January 11: Strikes against Houthis in Yemen. The US and UK militaries launched strikes against Houthi targets in Houthi-controlled areas of Yemen, in response to the Iran-backed militant group's attacks on commercial shipping in the Red Sea

6:03 a.m. ET, January 14, 2024

Namibia rejects Germany's "shocking" support of Israel against ICJ genocide allegations

From CNN’s Larry Madowo

Namibia rejected Germany's “shocking” support of Israel against genocide allegations at the International Court of Justice (ICJ), according to a statement from the President’s office on Saturday.

The statement decried what it call the “genocidal intent of the racist Israeli state against innocent civilians in Gaza,” and cited Germany’s colonial history in the African nation. 

“On Namibian soil, #Germany committed the first genocide of the 20th century in 1904-1908, in which tens of thousands of innocent Namibians died in the most inhumane and brutal conditions,” the statement said, adding that the German government had not yet fully atoned for the killings. 

“In light of Germany’s inability to draw lessons from its horrific history, President @hagegeingob expresses deep concern with the shocking decision communicated by the Government of the Federal Republic of Germany yesterday, 12 January 2024, in which it rejected the morally upright indictment brought forward by South Africa before the #InternationalCourtofJustice that Israel is committing genocide against Palestinians in #Gaza,” the statement said.

The Presidency said that Germany, in choosing to side with the Israeli government, had ignored findings from the United Nations regarding the deaths and displacement of civilians in Gaza.

Germany could not support the UN Convention against genocide while also supporting “the equivalent of a holocaust and genocide in Gaza,” according to the Namibian Presidency.

The statement concluded with an appeal to the German Government to reconsider its decision to support Israel before the ICJ.

Some context: In a statement issued after the second day of hearings at the ICJ, a German government spokesperson said that Germany “expressly rejects” allegations that Israel is committing genocide in Gaza.

Spokesperson Steffen Hebestreit said Germany acknowledges diverging views in the international community on Israel’s military operation in Gaza but said that “the German government decisively and expressly rejects the accusation of genocide brought against Israel before the International Court of Justice.”

4:53 a.m. ET, January 14, 2024

Netanyahu says "nobody will stop us" from destroying Hamas as Israel marks 100 days of war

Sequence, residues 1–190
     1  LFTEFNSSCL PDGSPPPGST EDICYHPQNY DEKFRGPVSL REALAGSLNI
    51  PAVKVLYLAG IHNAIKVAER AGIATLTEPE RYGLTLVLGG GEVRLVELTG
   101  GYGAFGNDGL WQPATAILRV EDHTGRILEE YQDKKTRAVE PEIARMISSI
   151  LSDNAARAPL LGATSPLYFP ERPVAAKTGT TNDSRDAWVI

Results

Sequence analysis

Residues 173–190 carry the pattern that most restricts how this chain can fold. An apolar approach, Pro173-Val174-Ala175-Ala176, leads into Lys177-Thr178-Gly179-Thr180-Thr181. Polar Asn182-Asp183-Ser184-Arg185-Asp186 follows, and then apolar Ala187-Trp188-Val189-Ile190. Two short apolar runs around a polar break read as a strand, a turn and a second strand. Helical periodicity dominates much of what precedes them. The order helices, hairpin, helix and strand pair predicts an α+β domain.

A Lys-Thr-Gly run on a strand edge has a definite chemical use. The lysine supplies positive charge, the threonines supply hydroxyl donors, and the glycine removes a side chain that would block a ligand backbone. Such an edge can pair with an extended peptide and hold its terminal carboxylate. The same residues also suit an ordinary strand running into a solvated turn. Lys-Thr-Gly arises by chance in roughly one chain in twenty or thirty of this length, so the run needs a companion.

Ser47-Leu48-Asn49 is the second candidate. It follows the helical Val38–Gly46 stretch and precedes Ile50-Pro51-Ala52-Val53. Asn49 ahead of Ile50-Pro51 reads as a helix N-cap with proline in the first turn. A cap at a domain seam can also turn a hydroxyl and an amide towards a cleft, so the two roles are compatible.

From CNN's Lauren Izso, Heather Law and Kareem El Damanhoury

Israeli Prime Minister Benjamin Netanyahu heads the weekly cabinet meeting at the Defense Ministry in Tel Aviv, Israel, on January 7.
Israeli Prime Minister Benjamin Netanyahu heads the weekly cabinet meeting at the Defense Ministry in Tel Aviv, Israel, on January 7. Ronen Zvulun/Pool/AFP/Getty Images

Israeli Prime Minister Benjamin Netanyahu has vowed "nobody will stop us" from destroying Hamas as the war between Israel and the militant group reached its 100th day.

Netanyahu suggested that Israel would not comply with the International Court of Justice (ICJ), where Israel is accused of genocide and could be ordered to halt its offensive.

"Nobody will stop us – not The Hague, not the axis of evil and not anybody else," he emphasized during a press briefing on Saturday, referring to Iran and its aligned groups across the Middle East.

Netanyahu said the genocide claims, brought by South Africa on Thursday, were a "hypocritical onslaught," adding that it was "at the behest of those who came to perpetrate another Holocaust against the Jews"

This "is a moral low point in the history of nations," Netanyahu said.

The prime minister also claimed several antisemitic items were found in Hamas tunnels in Gaza, including copies of Adolf Hitler's "Mein Kampf." In addition, Netanyahu said, "in a home in Gaza, they found a child's tablet with a picture of Hitler as the screensaver."

Netanyahu stated that while antisemitism is the same, the Jewish people are different and will fight "until the end."

'We need to close it': Also during the press briefing, Netanyahu stressed that Israel can’t finish the war until they close the Philadelphi Corridor, a 14km strip of land that serves as the border between Egypt and Gaza. Such a move would give Israel complete control over Gaza.

Allowing the border with Egypt to remain out of Israel’s reach would put their war gains in jeopardy, Netanyahu said.

"We’ll destroy Hamas, we’ll demilitarize Gaza, and military equipment and other deadly weapons will continue to enter this southern opening, so of course we need to close it," Netanyahu explained.

Egyptian foreign ministry spokesperson Ahmed Abu Zeid, meanwhile, said Egypt remains in full control of its borders in an interview with Egyptian television channel Sada Al-Balad on Saturday.

“Egypt fully controls its borders and controls it completely, and these issues are subject to legal and security agreements between the countries involved, so any talk on this matter is generally subject to scrutiny and is responded to with declared positions,” Abu Zeid said.

4:52 a.m. ET, January 14, 2024